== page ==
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Things to do

Talking Rubbish – how children are the key to a greener future

“Children are key to change because they are not set in their ways,” explains Cordie Aziz, Executive Director of charity Environment360, a charity dedicated to cleaning up Accra. “Our organisation believes that children are powerful change agents that can transform their communities into cleaner and greener spaces. Our diverse programmes empower children to clean their communities as well as gain a greater appreciation of nature.” Environment 360 works with children through educational field trips, ‘do it yourself’ workshops and a variety of recyclable art classes that teach children how to creatively reuse their waste. They are also working with Voltic, Ghana's largest water supplier, on a series community recycling programmes. “Environment360 believes that waste is a way to economically empower many disenfranchised individuals. We believe that by exposing people to the opportunities that exist in the trash industry we can create an entire generation of leaders that create sustainable products that help us not only keep Ghana clean, but help combat climate change and environmental degradation throughout the world.”   FULL INTERVIEW WITH CORDIE AZIZ: How did Environment 360 come about? I moved to Accra four years ago and I noticed that the city was getting dirtier and dirtier, especially the beaches. Since I plan on residing in Ghana I really was curious to why communities weren't participating in good environmental sanitation habits, which affect us all. So I started to

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Music

The best live music venues

Ghanaian music is blowing up on the international stage. Some of the country's best-loved artists are now making waves far beyond West African shores. The country's trademark genre is highlife, which has its roots in pre-colonial times, but hiplife, an energetic hybrid of highlife, dancehall and hip hop, is a new pretender to the throne. Music is the lifeblood of Accra - no trip to the capital would be quite complete without a trip to one of these swinging live music venues.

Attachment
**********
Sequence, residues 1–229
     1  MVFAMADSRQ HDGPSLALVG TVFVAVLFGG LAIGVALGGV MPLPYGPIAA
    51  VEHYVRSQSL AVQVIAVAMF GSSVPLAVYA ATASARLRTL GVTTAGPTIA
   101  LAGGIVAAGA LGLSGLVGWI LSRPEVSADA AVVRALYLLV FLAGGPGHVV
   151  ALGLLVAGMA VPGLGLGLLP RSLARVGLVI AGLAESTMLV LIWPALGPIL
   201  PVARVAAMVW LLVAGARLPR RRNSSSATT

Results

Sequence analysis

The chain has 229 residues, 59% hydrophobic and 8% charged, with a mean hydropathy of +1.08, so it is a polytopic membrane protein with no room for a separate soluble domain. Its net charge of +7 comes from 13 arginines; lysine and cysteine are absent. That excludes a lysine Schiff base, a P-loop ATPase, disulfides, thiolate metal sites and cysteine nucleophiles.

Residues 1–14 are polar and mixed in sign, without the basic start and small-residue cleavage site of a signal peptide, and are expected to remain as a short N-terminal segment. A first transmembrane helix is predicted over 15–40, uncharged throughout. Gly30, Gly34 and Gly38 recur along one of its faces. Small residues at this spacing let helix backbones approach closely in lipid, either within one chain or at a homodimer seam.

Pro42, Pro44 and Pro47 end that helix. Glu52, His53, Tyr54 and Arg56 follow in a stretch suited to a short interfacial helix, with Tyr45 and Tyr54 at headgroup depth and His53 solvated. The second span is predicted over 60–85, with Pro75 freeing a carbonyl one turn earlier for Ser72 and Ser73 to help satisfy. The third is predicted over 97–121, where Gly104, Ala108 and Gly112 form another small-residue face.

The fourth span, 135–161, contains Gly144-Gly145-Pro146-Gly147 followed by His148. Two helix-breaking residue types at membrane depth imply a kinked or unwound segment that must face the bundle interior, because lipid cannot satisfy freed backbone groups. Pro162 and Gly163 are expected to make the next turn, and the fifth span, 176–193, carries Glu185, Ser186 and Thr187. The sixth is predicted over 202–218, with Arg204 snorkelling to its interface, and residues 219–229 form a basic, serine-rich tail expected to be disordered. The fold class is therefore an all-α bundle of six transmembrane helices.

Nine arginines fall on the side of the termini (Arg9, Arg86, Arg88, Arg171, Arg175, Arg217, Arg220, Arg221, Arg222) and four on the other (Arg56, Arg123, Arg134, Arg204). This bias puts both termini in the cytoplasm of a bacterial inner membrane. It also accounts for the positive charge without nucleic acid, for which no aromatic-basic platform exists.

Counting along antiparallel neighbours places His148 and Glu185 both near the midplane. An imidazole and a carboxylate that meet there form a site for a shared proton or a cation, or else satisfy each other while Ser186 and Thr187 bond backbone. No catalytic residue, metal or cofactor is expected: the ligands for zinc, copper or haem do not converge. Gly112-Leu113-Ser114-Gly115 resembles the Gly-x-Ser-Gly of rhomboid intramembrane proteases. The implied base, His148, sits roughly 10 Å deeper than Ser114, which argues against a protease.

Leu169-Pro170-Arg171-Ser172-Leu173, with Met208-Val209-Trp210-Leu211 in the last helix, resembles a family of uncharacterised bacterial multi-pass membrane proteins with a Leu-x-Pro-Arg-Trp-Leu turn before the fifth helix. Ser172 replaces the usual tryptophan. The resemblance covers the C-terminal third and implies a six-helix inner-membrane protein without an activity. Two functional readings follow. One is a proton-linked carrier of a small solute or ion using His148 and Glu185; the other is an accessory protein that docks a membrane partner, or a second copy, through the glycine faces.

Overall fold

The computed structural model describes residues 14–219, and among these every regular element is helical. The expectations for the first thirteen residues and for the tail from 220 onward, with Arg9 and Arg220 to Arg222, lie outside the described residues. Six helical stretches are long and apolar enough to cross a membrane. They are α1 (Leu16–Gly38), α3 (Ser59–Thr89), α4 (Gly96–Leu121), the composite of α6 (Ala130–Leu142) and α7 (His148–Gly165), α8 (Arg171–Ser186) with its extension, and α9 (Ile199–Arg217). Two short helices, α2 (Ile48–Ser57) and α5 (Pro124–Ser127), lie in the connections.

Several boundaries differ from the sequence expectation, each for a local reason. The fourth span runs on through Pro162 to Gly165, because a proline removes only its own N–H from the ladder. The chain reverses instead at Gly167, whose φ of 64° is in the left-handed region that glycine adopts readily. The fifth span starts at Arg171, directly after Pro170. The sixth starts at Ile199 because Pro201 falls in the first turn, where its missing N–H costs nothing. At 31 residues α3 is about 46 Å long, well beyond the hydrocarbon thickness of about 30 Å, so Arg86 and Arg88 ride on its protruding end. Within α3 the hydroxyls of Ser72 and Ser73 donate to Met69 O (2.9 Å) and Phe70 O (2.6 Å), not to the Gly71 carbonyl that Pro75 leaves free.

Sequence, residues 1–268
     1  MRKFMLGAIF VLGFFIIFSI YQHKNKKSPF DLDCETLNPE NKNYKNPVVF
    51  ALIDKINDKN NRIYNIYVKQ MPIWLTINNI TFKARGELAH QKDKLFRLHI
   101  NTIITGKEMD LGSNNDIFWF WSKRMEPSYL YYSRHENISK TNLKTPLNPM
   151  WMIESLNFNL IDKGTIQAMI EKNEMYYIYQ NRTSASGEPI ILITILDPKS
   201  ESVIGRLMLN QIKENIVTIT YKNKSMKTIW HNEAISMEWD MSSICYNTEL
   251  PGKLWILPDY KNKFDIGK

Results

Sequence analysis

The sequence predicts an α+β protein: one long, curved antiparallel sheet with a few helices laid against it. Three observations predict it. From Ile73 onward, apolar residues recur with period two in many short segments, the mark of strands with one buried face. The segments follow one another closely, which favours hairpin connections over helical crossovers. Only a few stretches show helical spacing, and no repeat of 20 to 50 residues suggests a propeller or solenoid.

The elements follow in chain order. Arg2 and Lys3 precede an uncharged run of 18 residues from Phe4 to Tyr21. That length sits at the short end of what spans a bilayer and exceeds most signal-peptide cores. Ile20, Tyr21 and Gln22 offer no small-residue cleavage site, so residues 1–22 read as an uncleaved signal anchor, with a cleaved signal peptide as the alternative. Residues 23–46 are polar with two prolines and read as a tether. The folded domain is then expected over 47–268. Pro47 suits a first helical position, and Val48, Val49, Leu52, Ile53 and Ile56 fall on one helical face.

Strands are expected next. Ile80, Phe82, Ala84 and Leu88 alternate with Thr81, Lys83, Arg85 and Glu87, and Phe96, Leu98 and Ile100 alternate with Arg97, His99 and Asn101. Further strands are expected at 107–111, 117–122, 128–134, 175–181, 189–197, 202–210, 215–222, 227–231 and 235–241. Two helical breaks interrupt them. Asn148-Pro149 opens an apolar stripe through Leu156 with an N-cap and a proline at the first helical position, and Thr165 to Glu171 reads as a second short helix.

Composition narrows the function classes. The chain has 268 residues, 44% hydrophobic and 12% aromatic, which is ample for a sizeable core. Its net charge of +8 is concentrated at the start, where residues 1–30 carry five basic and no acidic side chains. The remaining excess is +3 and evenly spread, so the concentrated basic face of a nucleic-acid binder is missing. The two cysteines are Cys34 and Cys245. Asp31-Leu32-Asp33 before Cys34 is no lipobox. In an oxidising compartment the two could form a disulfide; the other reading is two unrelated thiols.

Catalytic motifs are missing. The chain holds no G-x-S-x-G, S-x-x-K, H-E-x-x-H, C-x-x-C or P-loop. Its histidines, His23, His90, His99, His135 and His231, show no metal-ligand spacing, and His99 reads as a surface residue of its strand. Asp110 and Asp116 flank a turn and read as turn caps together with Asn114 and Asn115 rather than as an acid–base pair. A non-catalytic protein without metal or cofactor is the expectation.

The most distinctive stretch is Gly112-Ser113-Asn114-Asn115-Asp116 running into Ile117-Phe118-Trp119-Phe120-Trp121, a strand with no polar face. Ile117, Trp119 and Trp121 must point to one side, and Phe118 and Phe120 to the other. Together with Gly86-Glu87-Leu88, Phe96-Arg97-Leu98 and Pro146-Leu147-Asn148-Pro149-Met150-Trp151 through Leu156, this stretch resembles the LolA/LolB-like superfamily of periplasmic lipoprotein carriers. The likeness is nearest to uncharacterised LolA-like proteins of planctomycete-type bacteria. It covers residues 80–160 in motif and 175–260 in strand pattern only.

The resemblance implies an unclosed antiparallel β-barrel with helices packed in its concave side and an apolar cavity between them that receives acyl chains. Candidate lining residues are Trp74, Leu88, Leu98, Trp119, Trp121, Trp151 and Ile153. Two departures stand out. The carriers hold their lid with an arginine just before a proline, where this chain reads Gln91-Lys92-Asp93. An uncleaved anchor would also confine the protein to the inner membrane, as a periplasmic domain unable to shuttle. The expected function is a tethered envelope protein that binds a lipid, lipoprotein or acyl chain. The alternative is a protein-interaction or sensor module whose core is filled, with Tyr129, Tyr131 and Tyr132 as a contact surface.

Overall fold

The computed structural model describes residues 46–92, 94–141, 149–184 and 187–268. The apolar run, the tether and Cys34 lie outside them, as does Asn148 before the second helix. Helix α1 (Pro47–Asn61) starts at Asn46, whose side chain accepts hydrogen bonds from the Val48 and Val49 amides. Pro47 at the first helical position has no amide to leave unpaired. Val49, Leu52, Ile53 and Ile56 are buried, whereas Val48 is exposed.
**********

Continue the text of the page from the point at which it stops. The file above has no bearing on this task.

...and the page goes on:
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Accra's best art galleries

Museums

Nubuke Foundation

The Nubuke Foundation has been in this, its first permanent location, since 2009. In this pleasant building in East Legon is one of the most interesting art galleries in the city. It was set up to provide an artistic space for Ghanaian artists (often in collaboration with artists from other countries) and show off their talents. It has also a philanthropic aim to support artisans around the country. One successful project was with kente cloth weavers in Tsiame, in the Volta Region, teaching them how to make more commercially appealing cloth (tableware and bedding for example) as well as improving techniques such as colour fastening. The results, available at its shop, are beautiful pieces of work (between GH¢100-600 for two yards). Its vibrant cultural offering includes poetry evenings, Saturday workshops, art walks, film and music. Keep an eye on the website for details.

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Art

Artists Alliance Gallery

This three-storey gallery is home to a large array of Ghanaian artists and sculptors such as Augustine Gokah, Betty Acquah, Nii T Mills, Ebenezer Borlabie, Kofi Setorji and Gabriel Eklou. Ablade Glover (see interveiw on page 4), one of Ghana’s most respected artists, conceived the Artists Alliance Gallery in the 1960s. He saw the need for a showcase for fine arts in Ghana to act as a driving force to gain recognition around the world. There are not only contemporary arts, but also collectors’ pieces: beautiful, fragile Asafo flags with appliquéd and embroidered symbols, and ancient strip-woven kente cloths. It sells art directly from the artist.

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Art

Loom

Loom’s Frances Ademola has a popular gallery that exhibits paintings and sculptures by a good selection of Ghana’s foremost artists, with a smattering of expressive Nigerian pieces. The modest space has been here since 1969, and is bursting at the seams with the work of nearly 100 artists. If Ademola is around, she’s delightful company, chatting exuberantly about artists such as Seth and Serge Clottey and Gabriel Eklou, and happily offering her great knowledge of the Ghanaian art scene, past and present. Loom is regarded as one of Ghana’s premier galleries.

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Shopping

Joe’s Perspective Art Boutique